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T-SQL Select a value

I am working with a query that I didn't write and I not sure how to interpret the SQL code.
I can't post the entire contents of the query but I will try to abbreviate what I am looking to interpret.

Select PurchaseDate from
Customers
Union
Select 2000-01-01 as SortOrder
from Customers

My question is the query is select a date value from the PurchaseDate Field and sort
from the earliest date of 2000-01-01.
The query seems to work correctly but I wasn't aware you can select a value you like this in T-SQL.  My question is this a specific convention in SQL for selecting a value from a field as a sort order?  Thanks for any feedback you can provide.  I will try to post more of the query if my question isn't clear enough.
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fjkaykr11
Asked:
fjkaykr11
3 Solutions
 
Éric MoreauSenior .Net ConsultantCommented:
your query is misleading!

if you run your second part alone:

Select 2000-01-01 as SortOrder
from Customers

This will return the value 2001-01-01 with a caption of SortOrder repeated as many times as you have rows in your Customers table.

Because you have a UNION clause, all the duplicate values are removed.

Also, the Alias (as SortOrder) of the second query is not useful

Your query should read like this:

Select PurchaseDate from
Customers
Union
Select 2000-01-01
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Anthony PerkinsCommented:
I will try to post more of the query if my question isn't clear enough.
You may have better luck that way.
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fjkaykr11Author Commented:
@emoreau thanks for your reply.   The Select 2000-01-01 SortOrder
returns the rows with with the dates in order starting at 2000 and moving forward.
What I am not familiar with is the concept of selecting a value such as 2000-01-01, this is something I haven't seen before usually I am only selecting a column.  What I am trying to
get more info on is when you would select a value such as above versus selecting a Column.  Thanks.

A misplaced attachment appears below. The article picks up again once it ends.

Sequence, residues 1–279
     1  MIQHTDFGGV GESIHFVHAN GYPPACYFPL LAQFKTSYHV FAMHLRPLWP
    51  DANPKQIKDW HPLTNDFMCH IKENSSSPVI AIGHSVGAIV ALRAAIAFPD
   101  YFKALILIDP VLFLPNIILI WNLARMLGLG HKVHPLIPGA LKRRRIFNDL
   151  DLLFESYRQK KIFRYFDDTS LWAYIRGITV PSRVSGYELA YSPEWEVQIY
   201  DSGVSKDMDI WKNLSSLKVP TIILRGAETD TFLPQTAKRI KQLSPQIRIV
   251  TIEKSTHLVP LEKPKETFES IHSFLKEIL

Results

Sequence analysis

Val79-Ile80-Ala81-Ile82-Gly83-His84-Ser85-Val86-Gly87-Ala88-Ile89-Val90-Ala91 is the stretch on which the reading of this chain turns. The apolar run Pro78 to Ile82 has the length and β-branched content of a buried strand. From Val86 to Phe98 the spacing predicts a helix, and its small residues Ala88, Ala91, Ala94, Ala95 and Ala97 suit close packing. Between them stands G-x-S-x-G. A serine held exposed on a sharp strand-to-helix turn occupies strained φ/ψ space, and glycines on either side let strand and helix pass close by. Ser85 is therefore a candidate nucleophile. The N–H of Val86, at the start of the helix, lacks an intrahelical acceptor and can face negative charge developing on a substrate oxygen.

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Éric MoreauSenior .Net ConsultantCommented:
because you are using a "select value" and this is unionized to another select, the value is returned part of the resultset.
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fjkaykr11Author Commented:
Ok, so that makes it a bit clearer.  So when you are selecting a value versus selecting a column, typically you would only doing this when using a UNION ? Or are there other cases for Selecting a value.  Thanks.
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QlemoDeveloperCommented:
In older T-SQL code you can still see something like
declare @val as datetime
select @val = '2000-01-01'

Open in new window

or
declare @val as datetime
set @val = select '2000-01-01'

Open in new window

(and similar) but that is not necessary. Usually you will see selecting a constant value in conjunction with UNION only, as this makes the most sense.
When doing that, remember that the first select in a UNION determines the basic types and the column names for the result set. If you revert selecting a constant value and selecting real data, you might get wrong data types and column names.
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Éric MoreauSenior .Net ConsultantCommented:
you can also add some values without a union clause.

for example if you have an amount in a table, and you want to return 10% tax and the total, you could do something like

select amount, amount *.1 as tax, amount * 1.1 as amountwithtax
from yourtable
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fjkaykr11Author Commented:
Thanks @Qlemo and @Emoreau.  I appreciate the help.  I wanted to read up more on this process that you are discussing.  I spoke with someone else who has more experience than me - they mentioned that doing something like is referred to as a 'print statement' in a Union (not sure).   Does that sound correct?
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Éric MoreauSenior .Net ConsultantCommented:
not at all. adding a constant like you are doing adds a row to the returned resultset. When you have a single column like you have, your application cannot distinguish which rows are coming from constants and which are real data.

A Print statement is not returned as part of the resultset.
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fjkaykr11Author Commented:
thanks for all the feedback.
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